Sharyn McCrumb is a master at finding strange-but-true bits of history that have taken place somewhere in the Appalachian Mountains and then weaving a mesmerizing tale around them. You can't get much stranger than a murder trial based on the testimony of a ghost, and that's a fact.
McCrumb tells her tale in a two-pronged approach. One storyline follows Gardner in the insane asylum in 1930. Gardner, the first black attorney to practice law in nineteenth-century West Virginia, is such a calm, measured, educated voice of reason that you'd never dream he could have been associated with such a trial-- or be a patient in an insane asylum.
The second storyline follows Mary Jane Heaster, first as she worries about her headstrong daughter's extremely poor life choices, and then as she fights to make "Trout" Shue pay for her daughter's death. There's very little doubt that Shue did indeed murder Zona, but there's no proof that would be admissible in a court of law. Make that a court of law in the twenty-first century. So-- here you have the sane man in the asylum and the possibly insane woman free to bend an entire courtroom to her will. Mary Jane Heaster is a force of nature.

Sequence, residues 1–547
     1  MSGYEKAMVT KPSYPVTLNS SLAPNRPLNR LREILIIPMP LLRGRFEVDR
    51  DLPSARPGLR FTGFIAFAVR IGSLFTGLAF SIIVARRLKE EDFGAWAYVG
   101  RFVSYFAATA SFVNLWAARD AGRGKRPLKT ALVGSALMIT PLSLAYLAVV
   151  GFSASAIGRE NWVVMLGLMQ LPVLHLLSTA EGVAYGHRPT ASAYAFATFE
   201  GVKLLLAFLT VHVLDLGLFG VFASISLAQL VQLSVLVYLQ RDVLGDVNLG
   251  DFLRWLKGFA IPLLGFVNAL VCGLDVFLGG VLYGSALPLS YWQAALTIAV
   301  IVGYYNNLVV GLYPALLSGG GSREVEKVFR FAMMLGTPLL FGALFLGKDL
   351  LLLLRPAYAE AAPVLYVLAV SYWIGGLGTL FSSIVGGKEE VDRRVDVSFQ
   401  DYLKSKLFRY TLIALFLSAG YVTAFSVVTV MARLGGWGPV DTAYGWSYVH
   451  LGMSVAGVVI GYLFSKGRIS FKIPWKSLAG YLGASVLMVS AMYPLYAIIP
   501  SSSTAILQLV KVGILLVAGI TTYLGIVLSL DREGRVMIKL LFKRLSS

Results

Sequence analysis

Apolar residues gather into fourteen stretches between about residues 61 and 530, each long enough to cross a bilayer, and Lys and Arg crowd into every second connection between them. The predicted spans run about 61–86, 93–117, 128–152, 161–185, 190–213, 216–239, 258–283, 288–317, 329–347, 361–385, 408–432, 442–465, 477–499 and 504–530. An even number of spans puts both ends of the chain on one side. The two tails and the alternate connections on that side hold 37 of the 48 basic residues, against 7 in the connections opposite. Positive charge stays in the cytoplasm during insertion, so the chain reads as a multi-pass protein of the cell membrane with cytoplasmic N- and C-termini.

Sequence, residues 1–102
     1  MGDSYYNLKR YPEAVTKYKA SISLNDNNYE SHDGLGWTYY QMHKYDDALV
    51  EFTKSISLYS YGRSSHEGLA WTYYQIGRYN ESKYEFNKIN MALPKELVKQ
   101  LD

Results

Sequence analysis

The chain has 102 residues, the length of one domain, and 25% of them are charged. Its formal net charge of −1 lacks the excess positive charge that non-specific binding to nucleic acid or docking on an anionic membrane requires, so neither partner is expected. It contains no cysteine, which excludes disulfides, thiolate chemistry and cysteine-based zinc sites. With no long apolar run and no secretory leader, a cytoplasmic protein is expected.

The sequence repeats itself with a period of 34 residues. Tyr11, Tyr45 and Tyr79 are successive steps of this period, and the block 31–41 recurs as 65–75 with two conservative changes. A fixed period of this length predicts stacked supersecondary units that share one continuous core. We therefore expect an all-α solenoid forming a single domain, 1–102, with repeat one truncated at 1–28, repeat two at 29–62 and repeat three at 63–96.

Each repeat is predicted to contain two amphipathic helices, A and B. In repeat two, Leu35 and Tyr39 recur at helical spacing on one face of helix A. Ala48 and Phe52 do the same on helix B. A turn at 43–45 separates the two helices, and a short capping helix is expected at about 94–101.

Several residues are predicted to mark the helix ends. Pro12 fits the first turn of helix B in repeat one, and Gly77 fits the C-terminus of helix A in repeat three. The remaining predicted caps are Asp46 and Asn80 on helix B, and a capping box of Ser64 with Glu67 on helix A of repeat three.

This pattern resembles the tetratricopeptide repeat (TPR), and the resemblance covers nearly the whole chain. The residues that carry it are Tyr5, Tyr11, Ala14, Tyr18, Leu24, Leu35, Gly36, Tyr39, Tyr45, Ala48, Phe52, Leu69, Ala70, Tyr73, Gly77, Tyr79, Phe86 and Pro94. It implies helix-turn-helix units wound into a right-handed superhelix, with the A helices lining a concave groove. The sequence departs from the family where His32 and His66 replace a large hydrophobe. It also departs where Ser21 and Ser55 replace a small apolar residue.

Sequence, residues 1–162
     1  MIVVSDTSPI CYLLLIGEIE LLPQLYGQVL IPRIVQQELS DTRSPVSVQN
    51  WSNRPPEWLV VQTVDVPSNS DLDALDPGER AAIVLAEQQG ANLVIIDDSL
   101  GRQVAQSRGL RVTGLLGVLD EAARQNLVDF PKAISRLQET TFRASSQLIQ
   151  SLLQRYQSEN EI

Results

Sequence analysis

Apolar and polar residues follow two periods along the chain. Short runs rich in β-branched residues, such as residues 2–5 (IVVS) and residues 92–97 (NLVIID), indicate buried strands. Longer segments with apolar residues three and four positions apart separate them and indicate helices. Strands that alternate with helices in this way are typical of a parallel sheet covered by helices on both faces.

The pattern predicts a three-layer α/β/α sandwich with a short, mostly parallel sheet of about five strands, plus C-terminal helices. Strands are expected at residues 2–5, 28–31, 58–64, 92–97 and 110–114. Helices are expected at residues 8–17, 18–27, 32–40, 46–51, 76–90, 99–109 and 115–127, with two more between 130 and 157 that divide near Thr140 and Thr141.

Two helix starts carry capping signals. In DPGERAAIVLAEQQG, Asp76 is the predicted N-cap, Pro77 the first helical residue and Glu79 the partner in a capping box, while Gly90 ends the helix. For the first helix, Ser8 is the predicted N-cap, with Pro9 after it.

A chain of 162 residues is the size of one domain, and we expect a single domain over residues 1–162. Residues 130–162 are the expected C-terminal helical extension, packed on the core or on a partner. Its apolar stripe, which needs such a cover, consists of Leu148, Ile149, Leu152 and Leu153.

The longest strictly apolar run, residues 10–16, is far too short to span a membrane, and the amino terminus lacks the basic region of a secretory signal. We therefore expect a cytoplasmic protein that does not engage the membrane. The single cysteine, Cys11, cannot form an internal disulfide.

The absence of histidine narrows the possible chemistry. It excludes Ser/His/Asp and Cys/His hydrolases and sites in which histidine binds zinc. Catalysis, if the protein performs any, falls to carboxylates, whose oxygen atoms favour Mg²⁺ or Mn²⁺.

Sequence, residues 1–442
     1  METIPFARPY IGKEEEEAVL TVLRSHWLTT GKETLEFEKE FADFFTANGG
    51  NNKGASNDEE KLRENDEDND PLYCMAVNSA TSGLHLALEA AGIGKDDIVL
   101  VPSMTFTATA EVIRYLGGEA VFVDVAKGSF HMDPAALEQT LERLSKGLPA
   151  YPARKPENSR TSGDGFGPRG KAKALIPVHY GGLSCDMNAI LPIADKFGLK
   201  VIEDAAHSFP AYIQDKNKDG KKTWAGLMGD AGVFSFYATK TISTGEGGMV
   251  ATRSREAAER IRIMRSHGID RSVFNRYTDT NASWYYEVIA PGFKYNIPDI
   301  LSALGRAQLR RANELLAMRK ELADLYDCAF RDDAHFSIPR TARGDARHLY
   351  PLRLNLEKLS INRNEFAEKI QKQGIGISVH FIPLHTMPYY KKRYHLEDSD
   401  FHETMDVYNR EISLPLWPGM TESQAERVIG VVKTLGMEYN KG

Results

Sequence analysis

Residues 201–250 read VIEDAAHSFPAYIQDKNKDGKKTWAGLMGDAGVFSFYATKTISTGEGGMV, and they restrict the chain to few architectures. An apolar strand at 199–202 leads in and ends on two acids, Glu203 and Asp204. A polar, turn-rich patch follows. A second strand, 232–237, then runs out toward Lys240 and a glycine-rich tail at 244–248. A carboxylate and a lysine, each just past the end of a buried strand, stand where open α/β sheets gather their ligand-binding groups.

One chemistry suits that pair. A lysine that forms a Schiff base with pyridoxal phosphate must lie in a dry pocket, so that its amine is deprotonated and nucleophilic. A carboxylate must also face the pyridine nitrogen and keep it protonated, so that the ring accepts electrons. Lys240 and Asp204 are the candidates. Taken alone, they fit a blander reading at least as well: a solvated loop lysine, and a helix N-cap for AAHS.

The story is a good one, and the voices of Mary Jane and Gardner come shining through. Through them, you really get a feel for how people lived and thought back then. I've long been an ardent fan of McCrumb's Ballad novels; in particular, the ones featuring Nora Bonesteel and Spencer Arrowood are lyrical and... marvelous. Although The Unquiet Grave is listed in some places as a Ballad novel, that's simply a matter of geography-- Ballad novels take place in the Appalachians. Regardless of designation, this is not one of McCrumb's better books. The pace drags, but even worse, there is no spark, no heart to the story she tells. If you want vintage Ballad, look for The Hangman's Beautiful Daughter, She Walks These Hills or The Rosewood Casket. That's where you'll find gorgeous writing and heart and soul.